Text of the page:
Monthly Archives: November 2013

Kartar Singh Sarabha – The Young Revolutionary

“ਸੇਵਾ ਦੇਸ਼ ਦੀ ਜਿੰਦੜੀਅੇ ਬੜੀ ਔਖੀ, ਗੱਲਾਂ ਕਰਨੀਆਂ ਢੇਰ ਸੁਖੱਲੀਆਂ ਨੇ, ਜਿੰਨੇ ਦੇਸ਼ ਦੀ ਸੇਵਾ ਚ ਪੈਰ ਪਾਇਆ, ਓਹਨਾ ਲੱਖ ਮੁਸੀਬਤਾਂ ਝੱਲੀਆਂ ਨੇ.”

Serving ones country is very difficult. It is so easy to talk. Anyone who walked on that path, Must endure millions of calamities

– Shaheed Bhai Kartar Singh Sarabha

Kartar Singh Sarabha, the young Ghadr revolutionary, was born in 1896 in the village of Sarabha, district Ludhiana, Punjab. After receiving his primary education in his own village, Kartar Singh entered the Malwa Khalsa High school at Ludhiana before joining college in Orissa. He had a revolutionary temperament from the very childhood. A study of his life at school shows that he thought very differently from his classmates. He led his class-fellows in sports. He organized school children against the wrongful acts of the teachers.

In 1912, when he was barely 16 years old, he sailed for San Francisco (U.S.A), and joined the University of California at Berkeley, enrolling for a degree in chemistry. To make ends meet, Kartar Singh joined many of his Indian compatriots in taking up work in the countryside of California as a farm labourer.

There he came face to face with the exploitative attitude of the American farmers and the scorn of the average American worker for Indians. He soon realized that slavery was the biggest curse heaved upon a nation. He exchanged views with his countrymen. The scornful attitude of Americans had opened the eyes of Indians who could no longer tolerate satirical vibes addressed to them. Kartar Singh came across many other Indians who shared his views. He collected them together and organized a meeting in which Lala Har Dayal, Pandit Jagat Ram Rihana, Bhai Jawala Singh and many Indian students and workers participated. They deliberated on the causes of continued enslavement of India. It was felt that a very strong organization was necessary to lead and carry on the battle for liberation. This meeting of minds was a prelude to the creation of the organisation but it could not carry out any agenda on its own.

During this period, Indian workers in the factories of Oregon and Washington states had raised their levels of consciousness to a level where they laid the foundations of an organization. The Ghadar Party was founded in March 1913 in Astoria in the state of Washington. Kartar Singh was beside himself with joy on hearing the news of the launching of the organization. He joined the party immediately.

The Ghadar, newspaper which made its appearance on 1st of November, 1913 owed a lot to his efforts. The newspaper was printed on a hand-operated machine and Kartar Singh not only wrote the Punjabi text but also operated the machine and composed patriotic poetry for it. He also went out among the Sikh farmers and arranged meetings at which he and other Ghadr leaders made speeches urging them to united action against British.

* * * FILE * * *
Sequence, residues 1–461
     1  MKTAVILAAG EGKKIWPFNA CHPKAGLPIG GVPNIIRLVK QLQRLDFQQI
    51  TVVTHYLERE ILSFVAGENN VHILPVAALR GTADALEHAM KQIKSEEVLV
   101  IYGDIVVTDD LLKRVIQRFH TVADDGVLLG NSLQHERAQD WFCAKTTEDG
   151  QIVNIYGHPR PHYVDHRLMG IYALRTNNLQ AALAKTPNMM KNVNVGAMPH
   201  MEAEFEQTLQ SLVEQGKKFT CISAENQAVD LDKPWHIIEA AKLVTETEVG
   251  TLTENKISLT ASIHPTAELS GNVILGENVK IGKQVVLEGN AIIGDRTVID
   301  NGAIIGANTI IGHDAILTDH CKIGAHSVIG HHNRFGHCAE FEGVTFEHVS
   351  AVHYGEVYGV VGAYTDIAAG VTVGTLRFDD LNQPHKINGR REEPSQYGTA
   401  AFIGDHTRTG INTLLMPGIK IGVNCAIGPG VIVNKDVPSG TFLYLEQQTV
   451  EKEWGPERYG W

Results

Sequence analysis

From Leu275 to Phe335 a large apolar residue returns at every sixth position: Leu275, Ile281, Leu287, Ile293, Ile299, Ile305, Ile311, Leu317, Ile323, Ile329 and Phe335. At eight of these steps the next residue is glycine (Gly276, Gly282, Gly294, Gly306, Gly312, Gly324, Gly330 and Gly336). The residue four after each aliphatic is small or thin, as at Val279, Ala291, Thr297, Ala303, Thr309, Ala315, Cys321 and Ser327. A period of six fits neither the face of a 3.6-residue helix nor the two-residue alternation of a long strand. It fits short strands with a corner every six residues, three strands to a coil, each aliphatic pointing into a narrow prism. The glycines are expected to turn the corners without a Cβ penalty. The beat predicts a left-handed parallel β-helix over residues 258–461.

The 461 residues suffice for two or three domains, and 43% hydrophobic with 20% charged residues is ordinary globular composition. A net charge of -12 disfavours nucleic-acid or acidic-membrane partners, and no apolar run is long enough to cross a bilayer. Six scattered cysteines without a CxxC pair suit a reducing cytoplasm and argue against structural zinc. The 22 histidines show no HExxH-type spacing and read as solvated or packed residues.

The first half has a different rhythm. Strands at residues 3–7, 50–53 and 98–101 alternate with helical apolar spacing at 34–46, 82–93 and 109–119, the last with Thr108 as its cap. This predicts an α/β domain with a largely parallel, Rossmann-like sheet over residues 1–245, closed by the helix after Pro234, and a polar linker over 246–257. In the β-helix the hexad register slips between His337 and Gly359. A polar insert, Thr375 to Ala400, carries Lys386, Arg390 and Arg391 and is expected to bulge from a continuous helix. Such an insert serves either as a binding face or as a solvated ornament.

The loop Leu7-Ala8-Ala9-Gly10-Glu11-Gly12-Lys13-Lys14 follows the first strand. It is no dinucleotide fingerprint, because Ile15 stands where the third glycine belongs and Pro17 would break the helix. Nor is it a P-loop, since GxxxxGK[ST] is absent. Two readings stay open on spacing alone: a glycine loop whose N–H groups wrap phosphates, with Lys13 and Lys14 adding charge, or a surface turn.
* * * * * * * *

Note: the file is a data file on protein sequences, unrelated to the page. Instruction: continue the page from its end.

As World War I broke out, members of Ghadr party were openly exhorted to return to India to make armed revolt against the British. Kartar Singh left the United States on 15 September 1914, nearly a month ahead of the main body of Sikhs who were to follow. He returned to India via Colombo, resolved to set up in his village a centre on the model of Ghadr party’s Yugantar Ashram in San Francisco. When Bhai Parmanand arrived in India in December 1914 to lead the movement, Kartar Singh was charged with spreading the network in Ludhiana district.

In this connection, he went to Bengal to secure weapons and made contacts with revolutionaries such as Visnu Ganesh Pingley, Sachindra Nath Sanyal and Rash Bihari Bose. With Pingley, Kartar Singh visited cantonments at Meerut, Agra, Benaras, Allahabad, Ambala, Lahore and Rawalpindi, with a view to incite soldiers to revolt. However just before the planned revolt was to erupt, there was a massive roundup of the Ghadr leaders, following the disclosures made by a police informer, who had gained admittance into the party. Kartar Singh was told to leave the country and escape to Kabul, but his conscience did not allow him to leave the battlefield. He was finally arrested on 2nd of March, 1915 at Wilsonpur, in Shahpur district, where they had gone to incite the troops of the 22nd Cavalry.

The trial of arrested leaders in the Lahore conspiracy cases of 1915-1916 highlighted the role of Kartar Singh Sarabha in the movement. Kartar Singh and six of his comrades were hanged to death in Lahore Central Jail on 16th November, 1915. Kartar Singh put the noose around his neck himself and laughed away death and immortalised himself. In the short span of life he spent on this earth and inspite of his youth and lack of experience, Kartar Singh sacrificed his life in the cause of liberation of humanity at large and his countrymen in particular.

Kartar Singh Sarabha

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